Christian alternative to ObamaCare growing fast as deadline nears


#1

With just weeks left to sign up for insurance on HealthCare.gov, a growing number of people are opting to enroll in a Christian alternative to traditional health insurance.

Nationwide networks of fellow believers help share each other’s major medical bills through what’s known as health care sharing ministries.

“It works just like insurance. I have an insurance card. I show it just like anyone else would. I have a deductible. I have a monthly premium that I pay,” explained Eileen Wade, who joined the health care sharing ministry, Medi-Share, in 2011.

foxnews.com/politics/2014/03/03/christian-alternative-to-obamacare-growing-fast-as-deadline-nears


#2

:thumbsup:


#3

“It works just like insurance. I have an insurance card. I show it just like anyone else would. I have a deductible. I have a monthly premium that I pay,” explained Eileen Wade, who joined the health care sharing ministry, Medi-Share, in 2011.

Except it’s not real insurance. Sounds like a great plan…if you’re healthy and don’t really need it.


#4

Medi-Share FAQs


#5

Exactly. From their website (posted by Abyssinia):

“No. Medi-Share is not insurance. Medi-Share is a healthcare sharing program where Christians share their financial resources to pay each other’s medical expenses. Medi-Share isn’t insurance. Resources are shared directly between members. There is no pooling of funds as practiced by insurance groups. Christian Care Ministry and the Medi-Share program are not registered or licensed by any insurance entity, nor are we required to be. We do not collect premiums, make promise of payment, or guarantee that your medical bills will be paid. Sharing of medical bills is completely voluntary.”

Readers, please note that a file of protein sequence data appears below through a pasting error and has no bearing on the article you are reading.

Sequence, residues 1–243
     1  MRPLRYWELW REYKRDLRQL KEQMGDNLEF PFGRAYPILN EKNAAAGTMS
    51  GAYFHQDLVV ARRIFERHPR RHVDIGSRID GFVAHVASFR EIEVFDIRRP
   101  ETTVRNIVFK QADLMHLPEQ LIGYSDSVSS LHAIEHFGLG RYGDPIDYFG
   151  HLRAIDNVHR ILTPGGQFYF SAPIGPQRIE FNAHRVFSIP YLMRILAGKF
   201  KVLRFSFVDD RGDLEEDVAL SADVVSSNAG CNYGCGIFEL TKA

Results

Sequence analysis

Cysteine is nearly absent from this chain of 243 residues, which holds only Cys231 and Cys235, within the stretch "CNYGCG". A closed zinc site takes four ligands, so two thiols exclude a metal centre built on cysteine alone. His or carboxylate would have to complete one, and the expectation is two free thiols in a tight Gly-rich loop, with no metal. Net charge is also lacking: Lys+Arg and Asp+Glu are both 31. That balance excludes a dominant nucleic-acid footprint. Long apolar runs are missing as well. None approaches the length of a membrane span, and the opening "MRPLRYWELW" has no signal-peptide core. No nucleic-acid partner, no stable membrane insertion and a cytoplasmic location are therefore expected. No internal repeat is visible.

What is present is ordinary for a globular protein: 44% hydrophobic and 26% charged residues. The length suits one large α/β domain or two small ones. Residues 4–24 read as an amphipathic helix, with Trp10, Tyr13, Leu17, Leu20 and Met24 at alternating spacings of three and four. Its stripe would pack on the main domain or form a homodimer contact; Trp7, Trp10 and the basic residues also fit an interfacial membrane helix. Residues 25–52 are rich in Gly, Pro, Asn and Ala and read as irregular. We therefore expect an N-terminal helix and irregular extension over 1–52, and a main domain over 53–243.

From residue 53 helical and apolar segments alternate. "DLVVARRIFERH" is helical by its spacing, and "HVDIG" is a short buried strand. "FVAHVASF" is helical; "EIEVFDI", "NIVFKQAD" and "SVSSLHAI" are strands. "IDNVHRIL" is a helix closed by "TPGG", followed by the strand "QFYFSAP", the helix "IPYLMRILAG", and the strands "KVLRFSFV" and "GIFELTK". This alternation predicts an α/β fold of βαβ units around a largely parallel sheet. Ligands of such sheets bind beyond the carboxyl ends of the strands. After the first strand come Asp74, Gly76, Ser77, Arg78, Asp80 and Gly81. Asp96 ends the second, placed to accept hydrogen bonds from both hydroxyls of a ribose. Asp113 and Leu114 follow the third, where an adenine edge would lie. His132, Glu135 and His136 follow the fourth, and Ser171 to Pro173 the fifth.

I have a feeling that this expansion of participants is going to result in more taking than contributing and I don’t really see what the appeal of this is. I mean look at, one of the most expensive kinds of coverage needs, maternity “coverage.” According to their rules, a person is not eligible to participate unless they pay at least $1,250 per month of someone else’s medical bills “from the month of conception through the month of delivery.” Basically, a person would have to pay a minimum of $11,250 in recurring monthly payments of $1,250 (none of which is put towards your own medical need) just to be eligible to receive “shared” funds to pay for a delivery and there’s no guarantee that will even happen!


#6

Medi-share isn’t the only program out there. There are many others, all with differing rules. I would wager that the reason they are big sellers is the fact they aren’t insurance.


#7

I wonder if the people who participate in this are aware that it isn’t even a viable substitute for insurance. Reading the fine print reveals the following:

[LIST]
*]Almost nothing is eligible for “sharing.” People with any pre-existing conditions need not even apply and your membership can be revoked should you become seriously ill. Preventative care is not eligible for sharing and neither is any bill related to psychiatric or psychological treatment.